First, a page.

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Multiple array schemes for achieving high capacity and high diversity gains in wireless MIMO systems

Authors Sfar, Sana
Issue Date 2005
Summary The wireless communications market is one of the most important economic markets in terms of investment. The constant demand for more services of wide applications and requirements has driven the market in one of its fastest evolutions. Communicating with anyone, anywhere, anytime as expected in future wireless systems has proven much stronger needs than what is being provided today in current systems. The need for extreme high data rates and quality of services in heterogeneous networks has made current transmission and detection techniques by far not suitable for the next wireless generations. Viable solutions to this problem include the use of antennas arrays or Multiple Input Multiple Output (MIMO) systems, as well as, powerful signal processing techniques. MIMO systems have been shown to provide unprecedented gains such as diversity or multiplexing rates. The latter is the number of its degrees of freedom and is closely related to its capacity. Most of the previously designed MIMO systems have focused on the maximization of either types of gain and have been categorized as either diversity type systems or high (data) rate ones. Orthogonal designs (OD) and Vertical-Bell Layered Space-Time schemes (V-BLAST) are such examples. By maximizing exclusively one type of gain, these schemes, unfortunately, sacrifice the other type such as the system capacity with OD and diversity with V-BLAST. Designing schemes that can maximize both types of gains is a challenge for future wireless systems, particularly when multiple arrays of antennas are expected to be deployed. The overall objective of this thesis is to design multiple antenna array schemes that achieve both high capacity and high diversity gains. To do so, we consider the use of group detection at the receiver. In multiple antenna arrays environments, signals from one array of antennas arrive at the receiver as one group. Group detection will then preserve their internal structure and its use is justified. We will consider two basic receivers' structures for group detection, a Group Zero Forcing (GZF) and a Group Decision Feedback Detector (GDFD). We will first investigate these receivers in the existence of improper multi-access interference. We will demonstrate that improvement of the detection rules in this case will lead to significant diversity gains. We then consider the application of the GDFD receiver in a multi-user MIMO environment. Particularly, we will show that ordering the received signals from the different arrays is a very important issue to maximize the overall system performance. Optimal and sub-optimal ordering algorithms will then be proposed. Recently, a new performance measure, known as the diversity-multiplexing tradeoff func-tion, has been proposed to measure the tradeoff between the diversity gain and the multiplexing one. Such function has been shown to be a key performance comparison and evaluation tool. This thesis will assess the performance of the GZF and GDFD receivers in terms of diversity-multiplexing tradeoff in a multi-user MIMO system over a richly scattered Rayleigh fading channel. The optimal tradeoff function will be derived and three rate allocation algorithms will be proposed accordingly; namely, equal rate, group size proportional rate and optimal rate allocation. Results will demonstrate how powerful group detection is when applied for multi-ple antenna arrays. In particular, it is shown that group detection achieves significantly high diversity gains and capacities than regular decorrelators and with much less complexity than the optimal receiver. Designing schemes that achieve the optimal performance of group detection will be the focus of the last part of this thesis. We will also propose transmission schemes that will inter-encode the different arrays of antennas with a very special structure allowing various attractive aspects. These include structure flexibility regarding the number of antennas, low complexity receivers such as with Space Time Block Codes, full diversity performance, and high data rata transmission. This inter-array coding will be denoted as Block Orthogonal Linear Dispersion (BOLD) codes and they will be regarded as a parent class of the Space-Time Block codes. Performance analysis will demonstrate unprecedented achieved diversity levels at very high data rates.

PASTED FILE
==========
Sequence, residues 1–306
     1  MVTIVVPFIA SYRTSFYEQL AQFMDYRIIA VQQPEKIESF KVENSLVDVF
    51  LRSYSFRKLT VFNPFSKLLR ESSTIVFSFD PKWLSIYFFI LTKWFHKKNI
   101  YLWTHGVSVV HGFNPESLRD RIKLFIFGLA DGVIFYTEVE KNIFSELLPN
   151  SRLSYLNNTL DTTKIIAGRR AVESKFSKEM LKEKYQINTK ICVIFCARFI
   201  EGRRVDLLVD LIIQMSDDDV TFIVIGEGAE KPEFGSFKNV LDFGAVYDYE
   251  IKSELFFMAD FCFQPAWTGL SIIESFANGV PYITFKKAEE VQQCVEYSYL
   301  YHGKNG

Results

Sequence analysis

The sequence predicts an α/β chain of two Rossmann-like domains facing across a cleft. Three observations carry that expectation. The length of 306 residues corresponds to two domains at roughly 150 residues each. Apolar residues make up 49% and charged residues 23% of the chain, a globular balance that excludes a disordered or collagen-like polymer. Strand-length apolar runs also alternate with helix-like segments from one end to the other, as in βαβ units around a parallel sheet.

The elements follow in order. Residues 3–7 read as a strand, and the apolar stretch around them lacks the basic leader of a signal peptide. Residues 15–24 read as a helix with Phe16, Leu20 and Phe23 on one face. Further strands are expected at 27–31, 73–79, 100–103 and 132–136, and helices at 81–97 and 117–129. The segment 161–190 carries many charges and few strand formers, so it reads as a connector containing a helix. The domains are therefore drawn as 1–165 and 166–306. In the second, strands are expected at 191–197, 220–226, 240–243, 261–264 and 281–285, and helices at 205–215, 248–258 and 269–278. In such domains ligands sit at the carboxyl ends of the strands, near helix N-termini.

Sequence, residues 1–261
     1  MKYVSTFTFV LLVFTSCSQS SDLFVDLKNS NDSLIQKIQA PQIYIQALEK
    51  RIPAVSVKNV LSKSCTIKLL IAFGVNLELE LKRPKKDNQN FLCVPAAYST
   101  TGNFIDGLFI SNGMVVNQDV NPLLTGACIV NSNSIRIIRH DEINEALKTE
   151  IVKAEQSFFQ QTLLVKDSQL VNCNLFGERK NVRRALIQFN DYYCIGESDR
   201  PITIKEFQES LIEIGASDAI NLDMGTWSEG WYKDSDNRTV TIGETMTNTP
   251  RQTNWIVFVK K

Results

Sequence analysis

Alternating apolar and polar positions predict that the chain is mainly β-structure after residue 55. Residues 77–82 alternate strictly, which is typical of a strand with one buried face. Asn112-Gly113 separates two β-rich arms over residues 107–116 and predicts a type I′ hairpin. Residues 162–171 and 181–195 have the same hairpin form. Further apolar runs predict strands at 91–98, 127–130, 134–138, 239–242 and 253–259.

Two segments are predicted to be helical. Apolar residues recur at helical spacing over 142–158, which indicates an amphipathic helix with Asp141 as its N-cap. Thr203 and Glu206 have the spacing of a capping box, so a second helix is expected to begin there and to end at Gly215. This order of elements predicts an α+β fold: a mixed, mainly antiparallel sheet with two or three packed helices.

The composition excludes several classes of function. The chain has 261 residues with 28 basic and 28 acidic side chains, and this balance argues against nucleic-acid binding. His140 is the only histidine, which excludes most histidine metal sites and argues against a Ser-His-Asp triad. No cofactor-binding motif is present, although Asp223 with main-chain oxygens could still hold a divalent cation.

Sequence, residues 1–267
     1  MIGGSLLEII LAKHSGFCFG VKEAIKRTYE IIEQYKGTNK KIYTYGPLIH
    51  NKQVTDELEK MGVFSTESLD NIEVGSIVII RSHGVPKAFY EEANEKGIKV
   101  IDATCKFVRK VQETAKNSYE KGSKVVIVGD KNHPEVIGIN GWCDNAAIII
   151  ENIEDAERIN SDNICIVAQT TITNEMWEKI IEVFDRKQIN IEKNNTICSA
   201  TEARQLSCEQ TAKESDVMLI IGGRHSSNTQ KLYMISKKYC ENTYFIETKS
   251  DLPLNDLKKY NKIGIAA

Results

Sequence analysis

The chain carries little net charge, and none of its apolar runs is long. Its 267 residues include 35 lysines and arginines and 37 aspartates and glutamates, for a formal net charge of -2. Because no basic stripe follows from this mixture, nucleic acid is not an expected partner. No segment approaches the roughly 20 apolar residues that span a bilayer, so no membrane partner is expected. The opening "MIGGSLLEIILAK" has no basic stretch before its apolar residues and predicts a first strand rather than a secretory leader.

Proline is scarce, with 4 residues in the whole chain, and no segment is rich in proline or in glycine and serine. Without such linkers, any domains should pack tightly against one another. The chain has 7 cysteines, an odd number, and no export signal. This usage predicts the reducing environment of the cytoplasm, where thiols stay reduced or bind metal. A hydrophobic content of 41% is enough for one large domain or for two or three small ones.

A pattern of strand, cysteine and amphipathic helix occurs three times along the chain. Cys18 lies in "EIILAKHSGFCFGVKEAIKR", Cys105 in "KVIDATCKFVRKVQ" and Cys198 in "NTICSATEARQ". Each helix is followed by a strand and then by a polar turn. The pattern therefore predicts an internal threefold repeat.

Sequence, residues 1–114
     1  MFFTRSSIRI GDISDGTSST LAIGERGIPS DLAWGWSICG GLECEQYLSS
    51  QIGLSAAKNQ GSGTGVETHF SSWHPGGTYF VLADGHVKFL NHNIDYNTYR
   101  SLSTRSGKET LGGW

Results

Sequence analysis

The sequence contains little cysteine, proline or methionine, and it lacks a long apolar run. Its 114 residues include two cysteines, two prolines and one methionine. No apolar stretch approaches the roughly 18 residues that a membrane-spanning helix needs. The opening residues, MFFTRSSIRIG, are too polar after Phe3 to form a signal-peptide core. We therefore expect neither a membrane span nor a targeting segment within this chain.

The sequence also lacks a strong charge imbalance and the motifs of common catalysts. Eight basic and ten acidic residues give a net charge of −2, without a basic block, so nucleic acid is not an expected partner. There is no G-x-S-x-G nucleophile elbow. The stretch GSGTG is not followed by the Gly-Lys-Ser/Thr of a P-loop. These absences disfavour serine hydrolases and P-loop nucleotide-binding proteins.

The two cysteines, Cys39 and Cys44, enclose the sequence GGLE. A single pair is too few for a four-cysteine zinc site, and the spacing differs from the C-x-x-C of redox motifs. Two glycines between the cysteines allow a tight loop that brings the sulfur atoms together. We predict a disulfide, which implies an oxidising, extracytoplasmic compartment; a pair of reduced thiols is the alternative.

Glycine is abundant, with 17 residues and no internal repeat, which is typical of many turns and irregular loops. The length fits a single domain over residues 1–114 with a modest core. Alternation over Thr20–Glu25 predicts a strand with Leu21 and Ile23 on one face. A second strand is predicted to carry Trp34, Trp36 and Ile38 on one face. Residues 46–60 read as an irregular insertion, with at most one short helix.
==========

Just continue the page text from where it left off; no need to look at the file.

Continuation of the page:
Note Thesis (Ph.D.)--Hong Kong University of Science and Technology, 2005
Language English
Format Thesis
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